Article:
North Wales sixth formers get measure of career in medical physics

Sixth form students from North Wales schools have visited the Medical Physics dept, Glan Clwyd Hospital, learning about careers in the health service, using physics. Ysgol Glan Clwyd students, from left, Gwen Williams, Natasha Maitland-Davies, Matthew Baines, Iwan Stanyer with Llynn Bateman at the CT Scanner


High-flying sixth formers from North Wales have been getting the measure of a career in medical physics.

Science students from Abergele’s Ysgol Emrys ap Iwan, St Asaph’s Ysgol Glan Clwyd and Flint’s St Richard Gwyn Catholic High School were given an insight into the world of medical physics.

They attended an event at Ysbyty Glan Clwyd in Bodelwyddan which was organised by Julian MacDonald, Betsi Cadwaladr University Health Board’s head of radioisotope physics and clinical engineering.

Healthcare scientists working in medical physics apply physics and technical skills to the practice of medicine to help prevent, diagnose and treat many kinds of diseases and health conditions.

Ysgol Glan Clwyd student Matthew Baines, 17, of Dyserth, was impressed with what he saw during the visit.

He said: “It’s been really good and it gives us another career option to think about. The equipment and how it is used is amazing. I never realised just how much physics can be involved in treating disease.”

Fellow Ysgol Glan Clwyd student Iwan Stanyer, 17, of Rhyl, said: “I had no idea just how diverse the application of physics is within medicine.”

Ysgol Emrys ap Iwan student Darci Tyler, 18, of Abergele, said: “The visit to Ysbyty Glan Clwyd has really opened my mind to new career opportunities. It’s definitely given me something to think about.”

Fellow Ysgol Emrys ap Iwan student, Jack Huang, 16, also of Abergele, added: “There are real career opportunities within medical physics and, once I’ve been to university and hopefully got my degree, medical physics is something I’m going to have to carefully consider as a career option.”

Julian MacDonald was delighted by the enthusiastic response from the sixth formers.

He said: “I’m thrilled with how the visit went. It is the first time we have done this. The students were so switched on, mature and asked many pertinent and well thought questions.

“I certainly hope to be inviting schools along again in the future. Medical physics isn’t widely known about, or advertised as a career option, so we wanted to raise awareness of it and showcase its many facets.”

The event began with a short introduction and a brief careers video before students were split into groups for a tour around various departments so they could see various aspects of medical physics.

The students had the opportunity to visit radiotherapy and see how a linear accelerator works and the processes and planning behind the delivery of treatments to patients.

They also had the opportunity to see diagnostic imaging equipment such as CT scanners and learn how they are used. There was also a demonstration of biomedical equipment used by the NHS, such as mechanical ventilators and pulse oximetry, as well as seeing how ultrasound is used to assess arterial blood flood.

Finally, there was the opportunity to see a gamma camera in action and see some of the scans and information that can be obtained and how radioactive substances are used to treat disease.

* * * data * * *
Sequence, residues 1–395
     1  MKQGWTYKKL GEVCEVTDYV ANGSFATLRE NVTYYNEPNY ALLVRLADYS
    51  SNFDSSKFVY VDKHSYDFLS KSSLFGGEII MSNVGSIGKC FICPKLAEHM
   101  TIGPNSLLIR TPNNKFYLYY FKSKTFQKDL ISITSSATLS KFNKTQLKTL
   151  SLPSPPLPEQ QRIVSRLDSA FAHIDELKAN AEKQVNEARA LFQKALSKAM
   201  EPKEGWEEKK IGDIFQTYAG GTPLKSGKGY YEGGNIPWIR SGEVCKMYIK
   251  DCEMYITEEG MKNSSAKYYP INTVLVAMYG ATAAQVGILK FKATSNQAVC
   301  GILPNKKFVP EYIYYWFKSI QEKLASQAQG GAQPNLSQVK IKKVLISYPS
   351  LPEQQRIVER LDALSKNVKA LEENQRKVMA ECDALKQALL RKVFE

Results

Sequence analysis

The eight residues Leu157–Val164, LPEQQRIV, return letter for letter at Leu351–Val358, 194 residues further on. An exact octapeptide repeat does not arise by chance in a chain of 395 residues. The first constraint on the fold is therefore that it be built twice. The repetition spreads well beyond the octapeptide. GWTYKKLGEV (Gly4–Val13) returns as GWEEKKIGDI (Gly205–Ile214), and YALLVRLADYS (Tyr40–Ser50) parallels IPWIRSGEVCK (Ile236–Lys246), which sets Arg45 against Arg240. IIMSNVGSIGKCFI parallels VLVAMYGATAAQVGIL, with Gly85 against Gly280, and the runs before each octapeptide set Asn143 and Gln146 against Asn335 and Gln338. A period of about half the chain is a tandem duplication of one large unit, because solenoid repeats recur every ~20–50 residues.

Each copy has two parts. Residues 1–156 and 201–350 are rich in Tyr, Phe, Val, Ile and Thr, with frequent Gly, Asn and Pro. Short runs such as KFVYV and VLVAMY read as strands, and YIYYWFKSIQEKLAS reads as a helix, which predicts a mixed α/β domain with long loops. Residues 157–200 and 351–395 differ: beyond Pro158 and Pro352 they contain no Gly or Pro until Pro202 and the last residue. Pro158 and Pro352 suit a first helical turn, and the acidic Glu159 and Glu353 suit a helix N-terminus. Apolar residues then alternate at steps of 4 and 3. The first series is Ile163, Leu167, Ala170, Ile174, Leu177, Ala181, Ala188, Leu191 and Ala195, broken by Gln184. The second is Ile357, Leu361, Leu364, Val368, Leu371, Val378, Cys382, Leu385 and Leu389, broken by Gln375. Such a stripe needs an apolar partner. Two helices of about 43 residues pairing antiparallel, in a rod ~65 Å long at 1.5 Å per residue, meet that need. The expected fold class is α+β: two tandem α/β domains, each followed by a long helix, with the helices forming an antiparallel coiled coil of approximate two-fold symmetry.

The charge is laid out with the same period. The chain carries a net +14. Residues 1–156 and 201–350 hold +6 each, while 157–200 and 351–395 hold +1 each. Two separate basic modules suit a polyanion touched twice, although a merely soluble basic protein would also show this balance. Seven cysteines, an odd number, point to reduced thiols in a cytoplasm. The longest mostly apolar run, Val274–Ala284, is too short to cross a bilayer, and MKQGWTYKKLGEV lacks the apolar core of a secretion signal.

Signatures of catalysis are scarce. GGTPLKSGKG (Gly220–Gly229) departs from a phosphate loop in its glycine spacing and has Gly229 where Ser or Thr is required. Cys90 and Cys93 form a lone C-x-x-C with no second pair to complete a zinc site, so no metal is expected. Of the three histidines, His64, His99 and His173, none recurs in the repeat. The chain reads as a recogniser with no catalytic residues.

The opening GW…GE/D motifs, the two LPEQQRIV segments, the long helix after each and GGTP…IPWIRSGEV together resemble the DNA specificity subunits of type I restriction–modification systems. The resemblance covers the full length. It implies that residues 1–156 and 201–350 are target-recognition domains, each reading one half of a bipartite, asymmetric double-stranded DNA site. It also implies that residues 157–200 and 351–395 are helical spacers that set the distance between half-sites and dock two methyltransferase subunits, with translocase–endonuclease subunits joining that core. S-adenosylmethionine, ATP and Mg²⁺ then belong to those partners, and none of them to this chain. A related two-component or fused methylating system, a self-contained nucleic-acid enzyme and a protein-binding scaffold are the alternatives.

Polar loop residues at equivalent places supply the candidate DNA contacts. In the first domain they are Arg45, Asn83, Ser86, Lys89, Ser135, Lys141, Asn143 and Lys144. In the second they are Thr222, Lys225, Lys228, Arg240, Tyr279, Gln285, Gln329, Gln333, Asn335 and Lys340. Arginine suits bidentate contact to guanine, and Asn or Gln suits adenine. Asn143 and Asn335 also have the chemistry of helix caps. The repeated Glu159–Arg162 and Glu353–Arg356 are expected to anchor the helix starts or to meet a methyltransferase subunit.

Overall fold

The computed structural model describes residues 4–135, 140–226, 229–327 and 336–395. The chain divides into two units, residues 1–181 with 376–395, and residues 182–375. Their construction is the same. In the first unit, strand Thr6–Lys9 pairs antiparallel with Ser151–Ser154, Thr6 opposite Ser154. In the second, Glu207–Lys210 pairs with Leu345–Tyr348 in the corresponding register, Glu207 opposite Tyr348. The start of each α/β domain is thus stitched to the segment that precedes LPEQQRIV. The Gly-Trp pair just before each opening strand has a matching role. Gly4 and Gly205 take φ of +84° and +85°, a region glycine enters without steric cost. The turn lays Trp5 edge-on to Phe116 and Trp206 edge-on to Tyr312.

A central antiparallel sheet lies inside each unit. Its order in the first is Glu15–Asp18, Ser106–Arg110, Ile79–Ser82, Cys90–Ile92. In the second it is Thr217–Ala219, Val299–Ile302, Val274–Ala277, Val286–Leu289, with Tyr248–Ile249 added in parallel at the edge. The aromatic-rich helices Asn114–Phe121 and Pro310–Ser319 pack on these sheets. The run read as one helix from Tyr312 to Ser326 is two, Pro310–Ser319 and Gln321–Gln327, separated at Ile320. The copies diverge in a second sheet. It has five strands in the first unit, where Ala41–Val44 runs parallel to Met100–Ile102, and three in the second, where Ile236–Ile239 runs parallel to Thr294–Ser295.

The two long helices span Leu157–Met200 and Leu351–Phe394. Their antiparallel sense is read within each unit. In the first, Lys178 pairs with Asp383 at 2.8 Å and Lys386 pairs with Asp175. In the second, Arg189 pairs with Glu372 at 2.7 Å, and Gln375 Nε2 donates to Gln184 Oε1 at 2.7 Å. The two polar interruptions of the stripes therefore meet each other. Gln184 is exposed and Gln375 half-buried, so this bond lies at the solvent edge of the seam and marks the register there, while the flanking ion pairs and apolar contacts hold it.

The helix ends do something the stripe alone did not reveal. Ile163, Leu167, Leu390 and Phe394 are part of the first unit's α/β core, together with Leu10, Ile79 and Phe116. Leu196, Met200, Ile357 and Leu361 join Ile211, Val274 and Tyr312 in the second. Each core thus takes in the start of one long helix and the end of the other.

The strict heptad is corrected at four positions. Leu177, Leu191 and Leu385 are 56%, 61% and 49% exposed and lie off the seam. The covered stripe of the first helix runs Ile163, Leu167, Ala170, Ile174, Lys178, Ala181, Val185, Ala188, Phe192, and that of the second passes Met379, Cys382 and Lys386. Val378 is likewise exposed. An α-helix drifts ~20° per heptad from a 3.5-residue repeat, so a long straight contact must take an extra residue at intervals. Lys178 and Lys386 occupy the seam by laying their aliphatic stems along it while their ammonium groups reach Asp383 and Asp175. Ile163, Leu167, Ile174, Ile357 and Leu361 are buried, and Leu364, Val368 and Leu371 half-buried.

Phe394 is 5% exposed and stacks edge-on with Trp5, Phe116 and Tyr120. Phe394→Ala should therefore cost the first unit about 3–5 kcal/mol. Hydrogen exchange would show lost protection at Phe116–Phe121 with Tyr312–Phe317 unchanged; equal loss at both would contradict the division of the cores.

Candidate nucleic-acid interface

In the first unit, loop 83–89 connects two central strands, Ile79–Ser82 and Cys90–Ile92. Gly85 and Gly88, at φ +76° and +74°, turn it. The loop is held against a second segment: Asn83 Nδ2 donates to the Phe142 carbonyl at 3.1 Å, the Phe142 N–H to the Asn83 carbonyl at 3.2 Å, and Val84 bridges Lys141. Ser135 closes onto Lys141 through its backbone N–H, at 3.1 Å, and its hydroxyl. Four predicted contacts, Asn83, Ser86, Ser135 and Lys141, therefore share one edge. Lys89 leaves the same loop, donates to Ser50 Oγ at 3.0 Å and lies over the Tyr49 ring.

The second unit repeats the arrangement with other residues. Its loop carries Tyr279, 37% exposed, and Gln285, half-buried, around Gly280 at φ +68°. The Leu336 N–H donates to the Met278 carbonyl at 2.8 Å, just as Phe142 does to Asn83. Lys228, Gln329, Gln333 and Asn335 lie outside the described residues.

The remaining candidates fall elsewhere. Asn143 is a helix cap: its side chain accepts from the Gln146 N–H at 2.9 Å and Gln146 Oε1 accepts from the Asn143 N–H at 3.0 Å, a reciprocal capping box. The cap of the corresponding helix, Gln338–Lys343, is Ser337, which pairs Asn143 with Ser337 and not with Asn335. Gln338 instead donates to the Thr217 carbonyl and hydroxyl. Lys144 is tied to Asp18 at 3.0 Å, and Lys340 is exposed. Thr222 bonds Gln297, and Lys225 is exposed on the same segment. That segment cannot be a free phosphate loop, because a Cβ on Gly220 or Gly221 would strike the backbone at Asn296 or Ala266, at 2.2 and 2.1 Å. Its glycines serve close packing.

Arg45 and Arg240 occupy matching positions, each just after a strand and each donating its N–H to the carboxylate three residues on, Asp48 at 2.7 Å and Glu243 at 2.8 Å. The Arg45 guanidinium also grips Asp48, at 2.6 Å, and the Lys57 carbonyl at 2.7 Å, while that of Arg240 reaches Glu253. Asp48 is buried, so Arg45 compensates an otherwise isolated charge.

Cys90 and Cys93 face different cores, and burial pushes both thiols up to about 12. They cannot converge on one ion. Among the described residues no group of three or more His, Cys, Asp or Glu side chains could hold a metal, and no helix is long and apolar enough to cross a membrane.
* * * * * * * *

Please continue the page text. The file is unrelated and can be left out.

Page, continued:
Patrick Hill, the deputy director of medical physics at Ysbyty Glan Clwyd, told students that the Betsi Cadwaladr University Health Board covered the whole of North Wales which has a population of more than 700,000 people.

He said: “The health board employs 17,000 staff in many different roles across the region, while medical physics has just 65 employees. Of those 65 around half are involved in radiation for diagnosis and treatment and half in clinical engineering and technology.

“Within medical physics we do a range of different things bringing together physics, information technology, mathematics and medicine. In effect we need to speak both languages.”

He added: “While we have lots of technologies at our disposal we are constantly looking at how we can do better, what we do well but importantly how to keep people safe.

“I’m delighted to be able to welcome students to the department and give them the opportunity to learn and see for themselves the work we do and the career opportunities available within medical physics.”

Ysgol Glan Clwyd teacher Steffan Tudor accompanied physics students from the school.

He said: “To give students the opportunity to tour the hospital’s physics departments is a brilliant idea. It’s been really informative and has given students the opportunity to see first-hand the application of physics at work.

“There are real career opportunities for students within medical physics, a discipline they may not have considered in the normal course of events.”

Martin Hughes, a physics teacher at Flint’s St Richard Gwyn Catholic High School, said: “This has been an amazing experience for students from all three schools.

“In fact I’d love to bring my year 10 students along so they can see how physics is applied in modern medicine. There is no doubt something like this would really inspire them.

“As for A-level students, this has been a wonderful opportunity to see for themselves how physics is used in modern medicine and the future career opportunities that are available once they have graduated.”

St Richard Gwyn Catholic High School student, Kane Povey, 16, added: “It’s been a very interesting visit and given me plenty to think about when it comes to future career opportunities.”